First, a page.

Greenfield Town Council holds special meeting to address mayor’s vetoes on tax classifications

  • The Greenfield Town Hall Recorder File Photo/Paul Franz

Recorder Staff
Tuesday, December 05, 2017

GREENFIELD — Town Council has taken the first step toward resolving a conundrum created by multiple votes on the Fiscal Year 2018 tax classification, including the creation of a split tax rate.

The council voted unanimously during a special meeting Tuesday not to override the mayor’s veto of its Nov. 15 vote to split the tax rate using a factor of 1.5 — letting the council’s Nov. 29 vote to split the tax rate using a factor of 1.0808 stand — at least temporarily.

Mayor William Martin had thought the Nov. 29 vote was also invalid, but the town attorney offered a differing opinion Tuesday. Martin will now have 10 days, beginning today, to veto the split tax rate, which would shift the tax burden from residential to all other classes of property — including commercial, industrial and personal — using a factor of 1.0808.

Martin said after Tuesday’s special meeting that he has not yet made a decision on whether to veto the vote.

Source of confusion

The confusion stemmed from the council’s original tax classification votes on Nov. 15, when it voted to split the tax rate using a factor of 1.5, adopt no residential exemption and adopt a small commercial exemption. The split tax and residential exemption votes were valid, but the vote on the small business exemption was worded incorrectly, making it unusable.

After the Nov. 15 meeting, the Town Clerk also discovered a mistake on the assessor’s public meeting notice, which contained the wrong date.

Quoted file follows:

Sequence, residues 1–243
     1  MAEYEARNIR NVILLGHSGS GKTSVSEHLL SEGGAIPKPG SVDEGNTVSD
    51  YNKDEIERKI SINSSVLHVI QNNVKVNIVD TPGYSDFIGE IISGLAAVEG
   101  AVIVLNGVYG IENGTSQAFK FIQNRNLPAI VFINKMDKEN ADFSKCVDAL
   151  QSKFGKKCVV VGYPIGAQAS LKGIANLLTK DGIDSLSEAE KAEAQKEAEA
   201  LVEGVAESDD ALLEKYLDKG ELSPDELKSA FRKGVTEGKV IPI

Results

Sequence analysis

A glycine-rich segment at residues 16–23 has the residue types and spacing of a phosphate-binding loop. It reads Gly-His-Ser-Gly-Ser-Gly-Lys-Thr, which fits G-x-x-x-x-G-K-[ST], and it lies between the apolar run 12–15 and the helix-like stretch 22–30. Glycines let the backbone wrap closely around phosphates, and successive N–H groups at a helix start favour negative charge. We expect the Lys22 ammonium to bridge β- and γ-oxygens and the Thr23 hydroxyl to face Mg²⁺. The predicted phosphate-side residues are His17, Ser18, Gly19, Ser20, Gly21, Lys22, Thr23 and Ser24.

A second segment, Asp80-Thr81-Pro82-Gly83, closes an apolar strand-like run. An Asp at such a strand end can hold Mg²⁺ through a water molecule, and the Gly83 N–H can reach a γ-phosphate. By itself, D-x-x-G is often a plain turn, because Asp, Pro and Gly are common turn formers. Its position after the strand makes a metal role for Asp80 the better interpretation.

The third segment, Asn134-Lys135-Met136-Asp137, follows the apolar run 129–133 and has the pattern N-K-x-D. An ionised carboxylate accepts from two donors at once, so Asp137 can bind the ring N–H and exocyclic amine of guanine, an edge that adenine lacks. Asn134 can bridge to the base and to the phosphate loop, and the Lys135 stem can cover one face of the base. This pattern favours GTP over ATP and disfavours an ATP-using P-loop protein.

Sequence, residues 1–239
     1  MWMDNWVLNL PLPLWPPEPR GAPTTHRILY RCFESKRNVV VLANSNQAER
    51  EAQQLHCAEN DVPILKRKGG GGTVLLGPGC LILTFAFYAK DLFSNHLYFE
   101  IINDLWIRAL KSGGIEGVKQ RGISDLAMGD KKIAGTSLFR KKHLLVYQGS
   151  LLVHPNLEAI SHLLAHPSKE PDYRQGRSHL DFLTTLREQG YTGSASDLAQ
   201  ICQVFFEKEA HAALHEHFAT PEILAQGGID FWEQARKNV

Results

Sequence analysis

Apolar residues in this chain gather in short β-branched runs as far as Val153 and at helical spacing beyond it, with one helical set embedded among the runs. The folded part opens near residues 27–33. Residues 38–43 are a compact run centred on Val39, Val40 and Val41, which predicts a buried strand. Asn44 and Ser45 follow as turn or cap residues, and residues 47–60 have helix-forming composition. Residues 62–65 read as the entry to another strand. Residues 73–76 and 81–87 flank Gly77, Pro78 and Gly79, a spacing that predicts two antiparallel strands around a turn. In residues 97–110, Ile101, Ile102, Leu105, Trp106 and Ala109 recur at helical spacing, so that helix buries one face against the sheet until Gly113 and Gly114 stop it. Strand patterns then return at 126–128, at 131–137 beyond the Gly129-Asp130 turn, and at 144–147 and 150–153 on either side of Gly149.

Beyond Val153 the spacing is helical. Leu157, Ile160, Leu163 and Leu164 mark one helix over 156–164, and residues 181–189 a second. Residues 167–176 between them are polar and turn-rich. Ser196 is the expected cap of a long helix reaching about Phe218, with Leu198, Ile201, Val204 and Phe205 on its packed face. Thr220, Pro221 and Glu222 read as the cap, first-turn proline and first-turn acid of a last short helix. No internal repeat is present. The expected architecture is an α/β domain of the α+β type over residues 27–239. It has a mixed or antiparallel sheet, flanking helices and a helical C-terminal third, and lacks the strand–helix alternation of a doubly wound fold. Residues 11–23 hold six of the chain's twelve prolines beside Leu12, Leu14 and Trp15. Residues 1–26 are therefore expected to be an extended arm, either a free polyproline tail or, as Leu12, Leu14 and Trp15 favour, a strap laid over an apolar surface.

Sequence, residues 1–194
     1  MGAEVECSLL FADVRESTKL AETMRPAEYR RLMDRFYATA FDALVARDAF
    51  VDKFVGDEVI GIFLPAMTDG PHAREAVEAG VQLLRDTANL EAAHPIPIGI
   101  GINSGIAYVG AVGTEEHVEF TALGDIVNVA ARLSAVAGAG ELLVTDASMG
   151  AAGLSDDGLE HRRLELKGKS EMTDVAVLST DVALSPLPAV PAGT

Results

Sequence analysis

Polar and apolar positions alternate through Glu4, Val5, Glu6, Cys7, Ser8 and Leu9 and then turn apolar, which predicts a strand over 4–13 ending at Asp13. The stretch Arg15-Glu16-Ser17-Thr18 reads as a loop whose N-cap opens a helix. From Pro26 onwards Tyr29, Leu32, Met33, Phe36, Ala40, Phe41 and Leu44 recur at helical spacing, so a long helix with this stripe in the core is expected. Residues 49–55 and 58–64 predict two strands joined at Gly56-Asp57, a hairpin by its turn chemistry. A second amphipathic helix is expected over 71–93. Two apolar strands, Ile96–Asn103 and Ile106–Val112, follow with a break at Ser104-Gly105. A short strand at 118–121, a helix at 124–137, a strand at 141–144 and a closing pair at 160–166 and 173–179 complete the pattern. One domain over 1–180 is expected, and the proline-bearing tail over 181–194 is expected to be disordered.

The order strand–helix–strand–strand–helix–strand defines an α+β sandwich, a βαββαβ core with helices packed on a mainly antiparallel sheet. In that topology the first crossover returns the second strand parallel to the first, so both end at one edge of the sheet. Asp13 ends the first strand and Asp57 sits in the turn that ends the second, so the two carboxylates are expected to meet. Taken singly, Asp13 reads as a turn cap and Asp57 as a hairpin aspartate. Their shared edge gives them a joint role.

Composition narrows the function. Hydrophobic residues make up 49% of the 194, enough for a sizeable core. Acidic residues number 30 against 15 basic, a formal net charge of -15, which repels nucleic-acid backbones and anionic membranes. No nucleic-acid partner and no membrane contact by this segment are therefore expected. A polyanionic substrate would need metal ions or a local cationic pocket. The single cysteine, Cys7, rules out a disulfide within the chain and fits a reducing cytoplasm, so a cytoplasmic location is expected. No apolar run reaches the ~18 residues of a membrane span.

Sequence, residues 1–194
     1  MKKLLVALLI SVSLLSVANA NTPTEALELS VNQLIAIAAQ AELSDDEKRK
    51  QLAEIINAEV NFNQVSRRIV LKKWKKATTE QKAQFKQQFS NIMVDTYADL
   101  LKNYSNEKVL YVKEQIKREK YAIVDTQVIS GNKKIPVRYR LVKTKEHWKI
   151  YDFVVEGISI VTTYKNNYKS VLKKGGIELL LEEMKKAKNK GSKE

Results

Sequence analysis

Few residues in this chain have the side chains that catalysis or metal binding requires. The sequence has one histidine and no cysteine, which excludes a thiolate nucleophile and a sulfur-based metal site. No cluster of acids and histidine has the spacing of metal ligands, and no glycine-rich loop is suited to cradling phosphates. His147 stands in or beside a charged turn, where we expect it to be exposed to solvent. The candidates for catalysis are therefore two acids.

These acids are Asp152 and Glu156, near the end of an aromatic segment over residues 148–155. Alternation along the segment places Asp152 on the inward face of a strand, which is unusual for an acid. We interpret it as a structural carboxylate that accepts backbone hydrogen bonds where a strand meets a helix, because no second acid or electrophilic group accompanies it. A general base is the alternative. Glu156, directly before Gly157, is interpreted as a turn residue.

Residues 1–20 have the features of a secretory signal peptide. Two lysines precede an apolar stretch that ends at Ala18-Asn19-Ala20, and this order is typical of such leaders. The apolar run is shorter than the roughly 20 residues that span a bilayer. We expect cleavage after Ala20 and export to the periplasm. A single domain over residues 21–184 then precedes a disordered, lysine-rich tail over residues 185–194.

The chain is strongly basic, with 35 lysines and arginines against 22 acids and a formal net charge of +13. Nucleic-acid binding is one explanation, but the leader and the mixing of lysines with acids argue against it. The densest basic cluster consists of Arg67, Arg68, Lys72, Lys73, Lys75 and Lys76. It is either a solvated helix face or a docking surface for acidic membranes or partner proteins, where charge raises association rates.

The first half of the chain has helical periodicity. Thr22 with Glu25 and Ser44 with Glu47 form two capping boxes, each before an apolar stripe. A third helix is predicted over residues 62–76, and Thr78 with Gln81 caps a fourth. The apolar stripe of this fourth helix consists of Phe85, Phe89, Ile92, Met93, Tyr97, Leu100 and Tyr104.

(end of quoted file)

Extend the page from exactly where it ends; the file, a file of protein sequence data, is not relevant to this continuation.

“Within the next couple of days it was brought to light that the date on the posting had a discrepancy. It was then brought to my attention that that made the votes null and void, which was why the motions were then placed on the Nov. 29 meeting,” Council President Brickett Allis said.

On Nov. 29, the council voted in favor of splitting the tax rate using a factor of 1.0808, tabled the vote on the residential exemption and voted against a small commercial exemption.

However, it was determined by town attorney Gordon Quinn that the Nov. 15 votes — which had been vetoed by the mayor — were actually valid. Martin had said he decided to veto the Nov. 15 votes because the public meeting notice contained the incorrect date. He also questioned whether all relevant information and data was made available to the council in time for the vote.

Quinn said the Nov. 29 votes were also valid, saying they could be considered amendments to the council’s original votes.

Tuesday’s vote

During Tuesday’s meeting, the council voted to override the mayor’s veto on the residential exemption, leaving no residential exemption in place.

“I believe (that) is everyone’s position, including the mayor’s position,” Council Vice President Isaac Mass said.

The council also voted unanimously against a motion to override the mayor’s vote on the small commercial exemption, leaving no commercial exemption in Greenfield.

There was also confusion over whether the council had to vote on four instead of three tax classifications. Allis said the fourth classification — open space — does not have to be voted on in Greenfield.

“I think it’s understood that not all the required votes have to be taken at one meeting, but they should all be taken before the end of the year,” Quinn added.

The mayor will also have 10 days, beginning today, to veto the vote against adopting a small business exemption. If he chooses not to veto, the tax classifications can be sent to the state Department of Revenue for certification, and tax bills will go out as soon as possible, according to Town Accountant Elizabeth Braccia.